If this guy is really smart, and if he wants to rightfully earn his "professor" title back, then let him try and objectively prove that this (i.e. the ice theory) is the possibility which should prevail on the balance of probabilities. In order to do that, he will have to (as Asteriktos implied) prove that Jesus is a liar, that the Apostles who experienced (i.e. Peter) and witnessed this miracle were liars (unless they were so blind so as to confuse ice with water) etc. The onus hanging off this guy's butt would be pretty damn big; so big that i'd hate to be him trying to get my butt out of bed in the morning.
« Last Edit: April 05, 2006, 04:09:55 AM by EkhristosAnesti » Logged

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« Reply #3 on: April 05, 2006, 05:03:09 AM »

I agree with EkhristosAnesti. One can speculate that Jesus had large webbed-feet that gave him special bouyancy. Such speculations are completely poinltess. Such 'professors' simply want to come up with ways of advertising how stupid they think the public are.
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« Reply #4 on: April 05, 2006, 05:03:34 AM »

How do you use the quick-reply function?
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« Reply #5 on: April 05, 2006, 08:16:02 AM »

Boy, the problems that immediately crop up with this theory are numerous. If the ice was thick enough for a man to walk on then it is going to be really tough for a boat to sail through it. If it is just one large piece of ice, did it have an outboard motor attached to propel Christ across the sea? How come Peter was not able to keep his footing on the ice when he stepped out of the boat?
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« Reply #6 on: April 05, 2006, 08:29:56 AM »

I was wondering the same...how did he get to said isolated piece of ice.  Roll Eyes

Someone just wanted to get published, his grants are running out, and he needed something to boost his fundability.  Just a thought. Cheesy
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« Reply #7 on: April 05, 2006, 08:53:55 AM »

Interesting. There's one thing about this type of explanation though... if you accept it, it pretty much makes Jesus into a huckster.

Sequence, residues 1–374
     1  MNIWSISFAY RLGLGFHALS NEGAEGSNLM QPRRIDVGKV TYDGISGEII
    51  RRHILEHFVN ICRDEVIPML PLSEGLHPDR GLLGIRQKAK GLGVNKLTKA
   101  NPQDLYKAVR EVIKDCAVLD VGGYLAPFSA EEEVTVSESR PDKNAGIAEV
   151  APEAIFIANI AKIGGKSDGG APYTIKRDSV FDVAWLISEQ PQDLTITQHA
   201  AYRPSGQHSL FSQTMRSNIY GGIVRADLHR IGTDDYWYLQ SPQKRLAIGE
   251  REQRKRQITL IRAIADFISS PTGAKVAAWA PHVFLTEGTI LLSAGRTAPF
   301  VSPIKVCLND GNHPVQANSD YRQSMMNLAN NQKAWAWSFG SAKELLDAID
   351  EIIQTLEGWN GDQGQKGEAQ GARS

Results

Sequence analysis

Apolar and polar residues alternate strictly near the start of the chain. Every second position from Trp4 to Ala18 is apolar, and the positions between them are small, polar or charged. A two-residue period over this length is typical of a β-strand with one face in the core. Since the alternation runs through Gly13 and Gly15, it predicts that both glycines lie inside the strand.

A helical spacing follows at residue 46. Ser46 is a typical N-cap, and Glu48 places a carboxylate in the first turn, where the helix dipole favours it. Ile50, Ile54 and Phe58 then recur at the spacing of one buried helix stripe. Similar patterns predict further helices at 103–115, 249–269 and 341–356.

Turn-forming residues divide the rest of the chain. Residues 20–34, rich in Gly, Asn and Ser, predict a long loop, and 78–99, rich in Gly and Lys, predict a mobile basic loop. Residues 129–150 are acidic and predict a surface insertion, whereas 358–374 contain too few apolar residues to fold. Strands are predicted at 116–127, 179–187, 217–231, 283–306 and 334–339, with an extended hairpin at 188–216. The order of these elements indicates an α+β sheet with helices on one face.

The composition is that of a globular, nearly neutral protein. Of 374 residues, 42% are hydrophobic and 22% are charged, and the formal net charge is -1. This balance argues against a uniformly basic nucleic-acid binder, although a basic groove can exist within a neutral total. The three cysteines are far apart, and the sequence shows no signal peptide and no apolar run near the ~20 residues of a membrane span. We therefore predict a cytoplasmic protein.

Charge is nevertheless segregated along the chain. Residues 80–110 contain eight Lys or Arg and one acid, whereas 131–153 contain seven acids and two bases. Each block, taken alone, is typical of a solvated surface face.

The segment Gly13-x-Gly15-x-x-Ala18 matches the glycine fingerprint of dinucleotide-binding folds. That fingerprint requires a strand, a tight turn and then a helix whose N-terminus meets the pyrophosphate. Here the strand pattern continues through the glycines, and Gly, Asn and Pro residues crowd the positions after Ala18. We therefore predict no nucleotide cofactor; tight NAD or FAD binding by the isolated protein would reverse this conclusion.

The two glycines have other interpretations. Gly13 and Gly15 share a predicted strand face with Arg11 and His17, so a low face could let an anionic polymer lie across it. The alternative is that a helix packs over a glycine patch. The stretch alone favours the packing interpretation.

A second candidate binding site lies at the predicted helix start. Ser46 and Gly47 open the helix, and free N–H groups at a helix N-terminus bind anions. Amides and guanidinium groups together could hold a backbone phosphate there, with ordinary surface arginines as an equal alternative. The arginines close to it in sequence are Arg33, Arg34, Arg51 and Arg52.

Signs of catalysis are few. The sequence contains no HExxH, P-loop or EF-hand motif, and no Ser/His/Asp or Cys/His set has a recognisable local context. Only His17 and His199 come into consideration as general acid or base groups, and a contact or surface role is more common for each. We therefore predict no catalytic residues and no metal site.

If you accept it, it shows that your powers of skepticism are shockingly low. It takes a LOT of ice to hold someone up, on the order of inches. And it has to be a solid sheet, not a lot of pieces. ANd then there's the boat.


Let me put it this way: Are you really going to believe that a professor in

Florida

has a clue about ice?

This is SO lame.  Roll Eyes  Roll Eyes  Roll Eyes
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« Reply #8 on: April 05, 2006, 10:11:34 AM »

Yah, and don't you think the Bible would have put somewhere in there that the weather was "colder than usual" or something like that?  I mean, they WERE fishermen...not that they would know anything about boating or water... Wink Tongue
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« Reply #9 on: April 05, 2006, 10:14:10 AM »

And hey while he's at it, maybe this quack can go to Greece and try to scientifically explain that monk they unearthed recently... Shocked
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« Reply #10 on: April 05, 2006, 01:22:43 PM »

And how does this ice theory fit the Gospel account that has Jesus and St. Peter--let's not forget his role in this narrative--walking on STORMY water?  I would think the surface of the water would have to be calm and unmoving for ice to form on top.
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Justin Kissel
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« Reply #11 on: April 05, 2006, 05:43:48 PM »

Keble

Very true Smiley
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« Reply #12 on: April 05, 2006, 10:16:52 PM »

I can't really blame him - he is trying to find an explanation to a reported phenomenon within the confines of his logical universe....